By Tim Ruzak
May 11, 2010
Martha Diaz splits her time every week in Austin, Albert Lea and Owatonna offering legal services to immigrants.
Her time appears to be highly sought after, especially since she became accredited in early March to do immigration legal work.
Diaz, who speaks Spanish and English and formerly worked as a certified court interpreter for Minnesota's Third Judicial Circuit, now serves as an immigration services caseworker for Catholic Charities. She recently was accredited to do the work by the U.S. Department of Justice's Board of Immigration Appeals.
Immigration law allows Diaz and other non-attorneys to practice immigration law, but they first need to be accredited and work for certain, recognized agencies. The Board of Immigration Appeals also recently granted agency status to Catholic Charities, which serves 20 counties across southern Minnesota.
Immigrations service furthers Catholic Charities' mission to reach out to the "marginalized, the alienated and the stranger throughout our diocese," said Robert Tereba, executive director of Catholic Charities.
Catholic Charities of the Diocese of Winona started the program earlier this year to provide legal services to immigrants at its offices in Austin, Albert Lea and Owatonna. It's open to anyone for a nominal fee.
Diaz underwent extensive training in immigration law, and Catholic Charities had to demonstrate its organizational capacity to effectively support the new program.
In the program, Diaz offers assistance with family visa services, adjustment of status and citizenship services, among other areas. She is seeing a big push with people trying to become U.S. citizens, mainly refugees from Sudan and Cuba.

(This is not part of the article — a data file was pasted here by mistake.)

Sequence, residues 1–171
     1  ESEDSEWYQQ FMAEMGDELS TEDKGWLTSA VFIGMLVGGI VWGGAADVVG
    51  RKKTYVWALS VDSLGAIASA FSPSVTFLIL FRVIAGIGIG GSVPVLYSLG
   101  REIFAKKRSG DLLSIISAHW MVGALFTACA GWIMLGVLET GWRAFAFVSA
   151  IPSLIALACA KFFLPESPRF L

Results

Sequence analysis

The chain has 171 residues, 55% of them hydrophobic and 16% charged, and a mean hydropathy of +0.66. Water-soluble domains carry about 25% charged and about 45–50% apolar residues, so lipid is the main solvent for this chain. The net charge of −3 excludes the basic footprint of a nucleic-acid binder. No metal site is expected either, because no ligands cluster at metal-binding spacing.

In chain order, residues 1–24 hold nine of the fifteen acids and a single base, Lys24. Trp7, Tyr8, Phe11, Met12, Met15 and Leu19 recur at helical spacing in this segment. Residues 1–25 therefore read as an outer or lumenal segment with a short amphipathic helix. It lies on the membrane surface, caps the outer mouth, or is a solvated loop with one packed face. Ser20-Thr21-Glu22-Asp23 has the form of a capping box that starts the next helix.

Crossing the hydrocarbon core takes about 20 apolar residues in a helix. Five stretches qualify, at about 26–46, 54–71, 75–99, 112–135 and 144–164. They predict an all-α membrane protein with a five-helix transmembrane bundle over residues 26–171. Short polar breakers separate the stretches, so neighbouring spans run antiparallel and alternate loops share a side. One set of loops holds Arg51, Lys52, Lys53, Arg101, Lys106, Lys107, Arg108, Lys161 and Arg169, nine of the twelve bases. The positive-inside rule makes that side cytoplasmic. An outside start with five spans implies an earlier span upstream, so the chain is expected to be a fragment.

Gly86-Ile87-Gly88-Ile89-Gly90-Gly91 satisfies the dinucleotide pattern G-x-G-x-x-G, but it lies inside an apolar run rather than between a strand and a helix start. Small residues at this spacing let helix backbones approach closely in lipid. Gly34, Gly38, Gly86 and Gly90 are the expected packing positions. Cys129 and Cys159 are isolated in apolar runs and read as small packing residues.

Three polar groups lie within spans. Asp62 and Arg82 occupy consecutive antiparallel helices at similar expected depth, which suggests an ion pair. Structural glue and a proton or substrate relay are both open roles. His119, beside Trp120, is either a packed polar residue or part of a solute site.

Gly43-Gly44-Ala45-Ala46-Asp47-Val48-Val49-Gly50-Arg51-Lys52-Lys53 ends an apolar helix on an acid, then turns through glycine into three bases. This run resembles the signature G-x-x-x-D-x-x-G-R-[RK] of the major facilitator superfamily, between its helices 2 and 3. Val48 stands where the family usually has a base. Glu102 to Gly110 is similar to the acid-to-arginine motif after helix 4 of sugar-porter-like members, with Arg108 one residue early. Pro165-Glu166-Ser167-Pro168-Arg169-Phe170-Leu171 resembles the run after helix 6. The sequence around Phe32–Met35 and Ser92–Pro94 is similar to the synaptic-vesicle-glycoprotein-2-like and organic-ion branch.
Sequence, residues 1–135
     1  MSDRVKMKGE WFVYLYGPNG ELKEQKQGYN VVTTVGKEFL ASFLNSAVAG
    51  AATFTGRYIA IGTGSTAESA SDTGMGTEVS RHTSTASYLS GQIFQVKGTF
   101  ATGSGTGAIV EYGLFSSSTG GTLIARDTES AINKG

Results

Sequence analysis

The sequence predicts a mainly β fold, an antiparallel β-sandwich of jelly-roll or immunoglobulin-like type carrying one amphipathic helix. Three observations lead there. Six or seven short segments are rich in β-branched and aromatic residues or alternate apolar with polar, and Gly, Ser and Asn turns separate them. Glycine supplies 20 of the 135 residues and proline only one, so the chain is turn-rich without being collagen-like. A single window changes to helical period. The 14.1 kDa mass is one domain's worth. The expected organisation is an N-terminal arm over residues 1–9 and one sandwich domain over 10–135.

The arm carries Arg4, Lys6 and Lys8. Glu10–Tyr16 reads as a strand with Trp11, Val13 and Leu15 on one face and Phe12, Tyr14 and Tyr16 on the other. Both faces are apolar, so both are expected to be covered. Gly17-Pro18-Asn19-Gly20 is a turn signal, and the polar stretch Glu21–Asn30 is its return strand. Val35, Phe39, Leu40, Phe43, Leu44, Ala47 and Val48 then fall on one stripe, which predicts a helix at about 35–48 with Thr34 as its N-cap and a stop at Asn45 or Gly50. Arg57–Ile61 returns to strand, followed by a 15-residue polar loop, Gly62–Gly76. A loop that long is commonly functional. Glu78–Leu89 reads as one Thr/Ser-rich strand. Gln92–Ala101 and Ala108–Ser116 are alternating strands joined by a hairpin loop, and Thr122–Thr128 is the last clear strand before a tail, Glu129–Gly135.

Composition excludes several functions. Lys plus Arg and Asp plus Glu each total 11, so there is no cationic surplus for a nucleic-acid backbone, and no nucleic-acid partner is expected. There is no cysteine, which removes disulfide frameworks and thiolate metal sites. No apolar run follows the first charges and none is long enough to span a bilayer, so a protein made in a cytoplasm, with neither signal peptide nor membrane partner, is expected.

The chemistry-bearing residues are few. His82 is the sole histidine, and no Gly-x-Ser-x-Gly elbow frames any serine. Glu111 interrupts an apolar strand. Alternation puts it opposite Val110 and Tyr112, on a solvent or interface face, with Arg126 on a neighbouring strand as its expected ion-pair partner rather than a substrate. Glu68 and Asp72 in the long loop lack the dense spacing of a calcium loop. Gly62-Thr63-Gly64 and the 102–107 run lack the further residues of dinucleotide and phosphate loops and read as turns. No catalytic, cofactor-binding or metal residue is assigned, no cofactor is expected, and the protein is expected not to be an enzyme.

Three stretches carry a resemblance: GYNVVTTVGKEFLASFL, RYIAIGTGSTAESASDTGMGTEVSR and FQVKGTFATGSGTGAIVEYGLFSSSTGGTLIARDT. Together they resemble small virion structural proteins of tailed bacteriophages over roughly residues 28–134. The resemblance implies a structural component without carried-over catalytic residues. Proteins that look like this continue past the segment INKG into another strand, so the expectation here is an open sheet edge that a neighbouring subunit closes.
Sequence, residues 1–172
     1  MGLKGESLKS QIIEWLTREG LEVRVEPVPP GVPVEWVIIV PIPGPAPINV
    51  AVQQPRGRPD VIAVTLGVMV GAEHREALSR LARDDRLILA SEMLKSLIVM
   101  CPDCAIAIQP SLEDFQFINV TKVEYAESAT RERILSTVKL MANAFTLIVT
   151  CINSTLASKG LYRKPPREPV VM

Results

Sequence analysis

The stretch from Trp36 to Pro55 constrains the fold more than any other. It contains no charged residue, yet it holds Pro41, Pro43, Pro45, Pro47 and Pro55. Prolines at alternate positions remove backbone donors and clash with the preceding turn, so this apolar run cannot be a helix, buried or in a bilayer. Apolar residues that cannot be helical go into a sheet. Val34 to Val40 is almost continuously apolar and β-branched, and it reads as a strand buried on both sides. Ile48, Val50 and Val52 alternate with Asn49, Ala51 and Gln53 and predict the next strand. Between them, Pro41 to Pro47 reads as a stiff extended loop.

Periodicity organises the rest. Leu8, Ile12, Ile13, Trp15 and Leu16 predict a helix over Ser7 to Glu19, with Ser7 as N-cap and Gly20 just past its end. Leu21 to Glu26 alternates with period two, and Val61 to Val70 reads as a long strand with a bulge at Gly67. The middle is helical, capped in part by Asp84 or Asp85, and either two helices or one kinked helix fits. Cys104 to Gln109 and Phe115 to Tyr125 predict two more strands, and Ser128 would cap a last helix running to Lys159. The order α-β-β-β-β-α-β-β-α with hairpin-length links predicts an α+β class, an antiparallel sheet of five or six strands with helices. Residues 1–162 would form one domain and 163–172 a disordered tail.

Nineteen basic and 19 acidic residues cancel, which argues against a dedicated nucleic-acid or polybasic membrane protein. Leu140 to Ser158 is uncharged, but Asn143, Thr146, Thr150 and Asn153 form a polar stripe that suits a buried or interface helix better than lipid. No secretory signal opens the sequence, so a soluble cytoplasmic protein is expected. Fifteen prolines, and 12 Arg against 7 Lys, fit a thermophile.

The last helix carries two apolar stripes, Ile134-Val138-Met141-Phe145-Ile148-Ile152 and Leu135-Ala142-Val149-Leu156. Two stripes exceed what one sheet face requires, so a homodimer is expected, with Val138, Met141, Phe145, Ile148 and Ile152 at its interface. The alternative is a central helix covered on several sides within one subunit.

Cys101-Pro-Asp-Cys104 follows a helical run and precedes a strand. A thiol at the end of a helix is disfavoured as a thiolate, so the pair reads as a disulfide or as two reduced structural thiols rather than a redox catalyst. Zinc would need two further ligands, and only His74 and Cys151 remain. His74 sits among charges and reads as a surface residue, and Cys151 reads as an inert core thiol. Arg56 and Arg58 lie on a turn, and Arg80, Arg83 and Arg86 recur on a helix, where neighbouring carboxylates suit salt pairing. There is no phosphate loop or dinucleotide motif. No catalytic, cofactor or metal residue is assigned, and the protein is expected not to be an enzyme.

Out of all her services, the three biggest taskes involve renewing alien registration cards, citizenship and employment authorization, Diaz said.
Matters that are beyond the program's service area are referred to immigration attorneys outside of Catholic Charities. The new program doesn't represent people in immigration court for criminal matters. Diaz mainly helps people fill out documents and takes them through the steps of processes.
She also gathers information for people, including those facing deportation, and gives advice on what they can do.
In Austin, Diaz does her work at the Welcome Center, a nonprofit that serves newcomers to the community.
Last year, Diaz served 130 people in Austin, mainly with passport issues and other questions. She estimates that her client load might double with the expansion of her services.
The program's goal is to "provide competent, authorized and affordable legal services to immigrants," said Tereba. "Clarifying the legal status of immigrants will promote their well-being and security, and the well-being and security of their families."